MEASURING DENSITY IS DIFFERENT FROM PLANNING FOR DENSITY.

There is a difference between measuring density (residents and jobs / land area) and planning for density (a co-efficient of residents and/or jobs/unit or area). The density we are measuring in our case studies comprises a ratio of the actual population on the ground at the time of the census or employment study to the land area. Many municipalities when planning for density calculate density using persons per unit (PPU) measure for residential and persons per sq. ft. for commercial.  This underlines the fact that buildings can go through several evolutions of use and there is always a potential for changed population or employment counts (and therefore densities) due to vacancies or levels of economic activity. 

 
 

 
 

MANY FACTORS AFFECT DENSITY TARGET NUMBERS.

In our case studies, we measure density at the neighbourhood and block scales. Density varies greatly depending on the scale or base land area used in the density calculation. The parcel or site density is almost always higher than the neighbourhood density, because at a neighborhood scale more land not in development (e.g. parks, roads, etc.) is included in the base land area calculation. Land area excluded from density calculations are called “take outs”. We acknowledge that ideas about take outs vary between the province and municipalities and that they are important from a compliance point of view.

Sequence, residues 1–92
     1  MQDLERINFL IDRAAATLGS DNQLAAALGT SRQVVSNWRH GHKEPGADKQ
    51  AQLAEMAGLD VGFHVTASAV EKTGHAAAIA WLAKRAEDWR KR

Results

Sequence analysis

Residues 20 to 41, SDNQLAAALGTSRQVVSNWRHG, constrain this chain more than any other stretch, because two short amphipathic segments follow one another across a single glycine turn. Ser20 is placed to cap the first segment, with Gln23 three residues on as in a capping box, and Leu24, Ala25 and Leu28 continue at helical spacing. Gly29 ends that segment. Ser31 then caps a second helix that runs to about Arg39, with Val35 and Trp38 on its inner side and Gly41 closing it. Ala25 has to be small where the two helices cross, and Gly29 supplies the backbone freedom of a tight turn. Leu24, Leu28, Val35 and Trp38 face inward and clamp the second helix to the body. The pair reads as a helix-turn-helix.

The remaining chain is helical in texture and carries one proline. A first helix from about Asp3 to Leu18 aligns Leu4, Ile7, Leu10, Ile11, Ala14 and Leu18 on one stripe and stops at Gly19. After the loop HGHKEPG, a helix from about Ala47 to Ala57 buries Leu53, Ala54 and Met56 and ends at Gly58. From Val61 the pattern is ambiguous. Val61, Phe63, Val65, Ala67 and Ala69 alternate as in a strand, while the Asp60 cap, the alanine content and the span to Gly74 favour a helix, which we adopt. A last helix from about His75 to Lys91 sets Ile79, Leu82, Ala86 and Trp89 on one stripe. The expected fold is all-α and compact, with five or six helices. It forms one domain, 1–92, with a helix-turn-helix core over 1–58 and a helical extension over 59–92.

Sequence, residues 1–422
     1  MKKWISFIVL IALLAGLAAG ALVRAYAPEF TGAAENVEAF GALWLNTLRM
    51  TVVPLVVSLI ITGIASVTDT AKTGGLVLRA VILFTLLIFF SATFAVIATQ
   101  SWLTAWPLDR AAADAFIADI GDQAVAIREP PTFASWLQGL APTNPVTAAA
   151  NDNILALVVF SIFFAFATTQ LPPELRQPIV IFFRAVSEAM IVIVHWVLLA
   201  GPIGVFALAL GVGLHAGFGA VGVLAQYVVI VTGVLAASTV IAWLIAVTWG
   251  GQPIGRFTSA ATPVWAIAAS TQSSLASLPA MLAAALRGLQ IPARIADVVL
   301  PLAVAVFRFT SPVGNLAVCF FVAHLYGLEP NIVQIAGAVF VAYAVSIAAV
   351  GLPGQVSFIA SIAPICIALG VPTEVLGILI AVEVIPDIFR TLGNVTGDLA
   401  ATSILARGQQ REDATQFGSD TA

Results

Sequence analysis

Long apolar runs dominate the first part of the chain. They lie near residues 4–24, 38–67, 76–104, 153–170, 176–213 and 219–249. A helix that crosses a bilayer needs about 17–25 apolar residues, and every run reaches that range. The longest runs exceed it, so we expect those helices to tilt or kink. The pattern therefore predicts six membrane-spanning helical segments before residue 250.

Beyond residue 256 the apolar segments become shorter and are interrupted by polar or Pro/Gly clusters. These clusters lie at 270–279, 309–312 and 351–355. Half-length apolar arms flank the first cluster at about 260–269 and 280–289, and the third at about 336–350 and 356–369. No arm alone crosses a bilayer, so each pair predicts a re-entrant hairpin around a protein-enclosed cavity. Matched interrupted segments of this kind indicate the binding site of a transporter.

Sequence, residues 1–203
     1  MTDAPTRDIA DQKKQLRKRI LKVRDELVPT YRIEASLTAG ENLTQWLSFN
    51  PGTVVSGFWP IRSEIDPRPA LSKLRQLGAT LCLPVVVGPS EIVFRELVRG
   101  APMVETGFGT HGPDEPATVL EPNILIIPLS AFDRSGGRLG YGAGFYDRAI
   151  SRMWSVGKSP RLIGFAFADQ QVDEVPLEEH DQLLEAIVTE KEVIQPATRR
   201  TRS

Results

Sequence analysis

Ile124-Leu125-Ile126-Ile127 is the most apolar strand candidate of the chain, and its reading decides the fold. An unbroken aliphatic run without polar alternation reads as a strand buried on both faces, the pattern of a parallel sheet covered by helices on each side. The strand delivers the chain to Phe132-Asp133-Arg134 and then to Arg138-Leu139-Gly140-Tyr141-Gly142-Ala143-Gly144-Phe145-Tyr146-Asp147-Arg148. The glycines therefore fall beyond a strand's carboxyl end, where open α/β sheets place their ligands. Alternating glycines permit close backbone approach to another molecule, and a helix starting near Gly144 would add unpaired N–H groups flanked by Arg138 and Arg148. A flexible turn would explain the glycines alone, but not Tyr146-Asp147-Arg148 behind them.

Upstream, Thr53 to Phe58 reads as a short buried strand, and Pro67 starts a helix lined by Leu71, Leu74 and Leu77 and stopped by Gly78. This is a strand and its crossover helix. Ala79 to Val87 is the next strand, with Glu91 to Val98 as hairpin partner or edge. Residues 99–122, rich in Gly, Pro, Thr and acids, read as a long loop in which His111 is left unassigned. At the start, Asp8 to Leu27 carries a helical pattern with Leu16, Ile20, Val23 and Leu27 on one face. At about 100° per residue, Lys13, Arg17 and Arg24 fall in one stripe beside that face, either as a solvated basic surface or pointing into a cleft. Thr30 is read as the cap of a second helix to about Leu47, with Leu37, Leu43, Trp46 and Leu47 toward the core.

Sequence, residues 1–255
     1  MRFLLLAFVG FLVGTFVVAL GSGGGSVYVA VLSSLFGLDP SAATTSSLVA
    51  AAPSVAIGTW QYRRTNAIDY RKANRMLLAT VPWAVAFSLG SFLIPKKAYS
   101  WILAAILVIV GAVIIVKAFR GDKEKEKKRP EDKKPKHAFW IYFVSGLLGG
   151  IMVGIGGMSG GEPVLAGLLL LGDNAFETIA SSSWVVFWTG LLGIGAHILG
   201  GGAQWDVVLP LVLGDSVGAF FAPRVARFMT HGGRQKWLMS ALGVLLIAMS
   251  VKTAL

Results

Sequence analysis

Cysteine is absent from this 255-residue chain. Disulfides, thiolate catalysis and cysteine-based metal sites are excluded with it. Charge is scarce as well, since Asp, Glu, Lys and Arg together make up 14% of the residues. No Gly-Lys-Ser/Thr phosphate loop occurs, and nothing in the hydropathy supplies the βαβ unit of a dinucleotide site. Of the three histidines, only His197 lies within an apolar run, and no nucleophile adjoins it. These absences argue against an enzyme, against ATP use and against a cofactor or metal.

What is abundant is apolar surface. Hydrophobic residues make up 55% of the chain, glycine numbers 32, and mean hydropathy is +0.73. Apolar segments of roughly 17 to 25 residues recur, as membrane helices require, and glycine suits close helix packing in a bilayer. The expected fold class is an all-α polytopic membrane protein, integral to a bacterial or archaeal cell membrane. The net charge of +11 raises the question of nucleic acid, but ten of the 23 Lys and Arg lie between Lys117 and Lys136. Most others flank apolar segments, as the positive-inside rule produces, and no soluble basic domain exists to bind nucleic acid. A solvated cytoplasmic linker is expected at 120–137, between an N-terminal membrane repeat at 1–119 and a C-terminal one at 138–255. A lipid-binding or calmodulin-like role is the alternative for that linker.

Getting to Higher Density

 

DENSITY CAN EVOLVE OVER TIME.

Higher densities don’t have to mean overcrowding and congestion. Intensification can happen in a subtle, incremental way through buildings that “fit” into the existing community. Good design and appropriate zoning can introduce density that is not intrusive. The case studies help to show examples of good design in existing communities.